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In medicine, observing the surface is far from superficial

Medical innovations have made examining health from the inside out easier and easier. But, as Stanford's Abraham Verghese, MD, comments in a recent New York Times article on the aging face, the in-person physical exam can be equally revealing to those well-trained in observation:

[Dr. Verghese] ran through a list of facial changes that can be tip-offs to ill health, and that doctors can pick up at a glance: a sparseness or absence of the outer third of the eyebrows can signal thyroid failure; a moon-shaped face may mean a person is taking steroids; a “laugh line” deeper on one side of the face than the other may indicate a previous stroke or other facial paralysis; a very broad forehead and large nose may signal acromegaly, a dangerous condition caused by too much growth hormone.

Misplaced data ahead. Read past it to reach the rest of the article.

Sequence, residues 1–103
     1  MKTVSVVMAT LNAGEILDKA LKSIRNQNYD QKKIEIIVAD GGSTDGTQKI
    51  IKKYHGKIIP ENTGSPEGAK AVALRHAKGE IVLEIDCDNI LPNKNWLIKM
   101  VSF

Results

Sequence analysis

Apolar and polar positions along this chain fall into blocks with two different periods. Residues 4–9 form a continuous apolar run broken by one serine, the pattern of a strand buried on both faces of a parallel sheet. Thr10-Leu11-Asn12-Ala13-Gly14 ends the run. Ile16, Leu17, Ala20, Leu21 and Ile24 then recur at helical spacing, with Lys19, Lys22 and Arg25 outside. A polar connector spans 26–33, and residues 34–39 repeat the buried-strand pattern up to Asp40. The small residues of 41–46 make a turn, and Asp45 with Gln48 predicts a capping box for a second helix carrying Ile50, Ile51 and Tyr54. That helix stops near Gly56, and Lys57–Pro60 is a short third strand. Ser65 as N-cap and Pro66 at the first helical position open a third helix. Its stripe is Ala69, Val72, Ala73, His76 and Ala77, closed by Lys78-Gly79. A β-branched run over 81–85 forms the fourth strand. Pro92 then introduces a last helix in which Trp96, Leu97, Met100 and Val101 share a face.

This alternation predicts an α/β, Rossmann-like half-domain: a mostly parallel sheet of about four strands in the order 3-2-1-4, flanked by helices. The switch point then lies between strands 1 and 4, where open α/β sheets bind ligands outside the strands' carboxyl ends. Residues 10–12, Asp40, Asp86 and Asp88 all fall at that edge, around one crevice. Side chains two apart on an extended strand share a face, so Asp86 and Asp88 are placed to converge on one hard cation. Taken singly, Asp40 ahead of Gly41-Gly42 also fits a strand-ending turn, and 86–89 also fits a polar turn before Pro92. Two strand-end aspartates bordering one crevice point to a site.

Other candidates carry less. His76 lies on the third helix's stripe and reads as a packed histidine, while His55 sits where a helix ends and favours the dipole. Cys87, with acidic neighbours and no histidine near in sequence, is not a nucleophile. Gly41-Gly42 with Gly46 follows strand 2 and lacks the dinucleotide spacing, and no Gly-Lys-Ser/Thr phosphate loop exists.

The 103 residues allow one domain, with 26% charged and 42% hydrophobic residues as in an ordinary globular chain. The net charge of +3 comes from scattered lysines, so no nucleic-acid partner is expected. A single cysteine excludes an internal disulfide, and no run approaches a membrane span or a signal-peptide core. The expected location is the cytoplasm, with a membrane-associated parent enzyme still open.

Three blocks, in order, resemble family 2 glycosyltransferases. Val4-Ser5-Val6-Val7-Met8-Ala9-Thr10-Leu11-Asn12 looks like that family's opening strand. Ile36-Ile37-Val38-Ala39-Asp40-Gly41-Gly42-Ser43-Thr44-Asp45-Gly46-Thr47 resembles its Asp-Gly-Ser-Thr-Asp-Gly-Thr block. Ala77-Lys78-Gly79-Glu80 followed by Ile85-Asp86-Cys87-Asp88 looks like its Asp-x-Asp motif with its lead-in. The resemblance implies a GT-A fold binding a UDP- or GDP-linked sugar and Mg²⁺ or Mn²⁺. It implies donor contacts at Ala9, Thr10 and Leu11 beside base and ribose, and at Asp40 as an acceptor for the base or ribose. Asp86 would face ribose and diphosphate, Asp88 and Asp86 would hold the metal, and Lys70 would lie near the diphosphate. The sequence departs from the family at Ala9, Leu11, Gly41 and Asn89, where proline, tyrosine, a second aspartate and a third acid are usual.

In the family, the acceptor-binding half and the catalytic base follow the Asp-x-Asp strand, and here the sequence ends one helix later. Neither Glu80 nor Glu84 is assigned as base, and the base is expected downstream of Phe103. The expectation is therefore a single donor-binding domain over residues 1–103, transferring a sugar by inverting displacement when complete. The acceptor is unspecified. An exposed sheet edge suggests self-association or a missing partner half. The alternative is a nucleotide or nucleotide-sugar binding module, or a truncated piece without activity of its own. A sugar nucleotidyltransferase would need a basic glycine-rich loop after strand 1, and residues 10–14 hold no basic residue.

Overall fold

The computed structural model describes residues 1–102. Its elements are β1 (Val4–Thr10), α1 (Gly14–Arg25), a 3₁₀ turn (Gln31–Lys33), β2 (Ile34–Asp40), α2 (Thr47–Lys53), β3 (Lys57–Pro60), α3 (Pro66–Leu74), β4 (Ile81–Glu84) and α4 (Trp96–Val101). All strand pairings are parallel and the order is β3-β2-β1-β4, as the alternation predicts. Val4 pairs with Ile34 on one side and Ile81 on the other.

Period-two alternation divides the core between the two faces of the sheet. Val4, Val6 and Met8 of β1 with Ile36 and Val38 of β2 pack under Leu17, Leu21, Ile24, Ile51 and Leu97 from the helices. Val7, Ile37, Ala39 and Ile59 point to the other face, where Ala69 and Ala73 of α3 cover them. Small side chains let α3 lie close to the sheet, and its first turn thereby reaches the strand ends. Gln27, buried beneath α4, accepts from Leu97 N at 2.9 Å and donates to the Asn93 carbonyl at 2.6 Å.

Verghese goes on to say that he can identify gout by examining patients' ears and can tell if patients have had cataract surgery based on the glint of their eyes. The art of doctor-patient communication is a subtle one, and Verghese's comments are a reminder that stepping back and taking a moment to observe a patient face-to-face can be just as important as peering inside.

Previously: Exploring the “fading art” of the physical exam, The power of touch in the exam room and Hands on: Abraham Verghese teaches bedside skills

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